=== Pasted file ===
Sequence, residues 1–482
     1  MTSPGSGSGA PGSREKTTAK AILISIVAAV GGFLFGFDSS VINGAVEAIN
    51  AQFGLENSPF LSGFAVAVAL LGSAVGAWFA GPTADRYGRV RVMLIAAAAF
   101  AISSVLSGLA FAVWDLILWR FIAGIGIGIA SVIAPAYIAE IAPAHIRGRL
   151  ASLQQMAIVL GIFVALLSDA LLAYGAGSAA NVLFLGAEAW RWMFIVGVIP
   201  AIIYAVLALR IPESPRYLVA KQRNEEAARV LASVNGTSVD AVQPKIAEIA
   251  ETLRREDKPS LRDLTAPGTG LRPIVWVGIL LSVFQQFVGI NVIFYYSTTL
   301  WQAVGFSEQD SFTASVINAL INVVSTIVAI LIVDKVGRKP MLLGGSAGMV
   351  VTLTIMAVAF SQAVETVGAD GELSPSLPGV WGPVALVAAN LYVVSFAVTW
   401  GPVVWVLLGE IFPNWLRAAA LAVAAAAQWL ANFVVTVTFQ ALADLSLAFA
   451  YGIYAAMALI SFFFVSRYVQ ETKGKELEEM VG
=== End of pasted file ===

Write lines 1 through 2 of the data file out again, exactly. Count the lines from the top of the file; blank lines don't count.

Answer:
Sequence, residues 1–482
     1  MTSPGSGSGA PGSREKTTAK AILISIVAAV GGFLFGFDSS VINGAVEAIN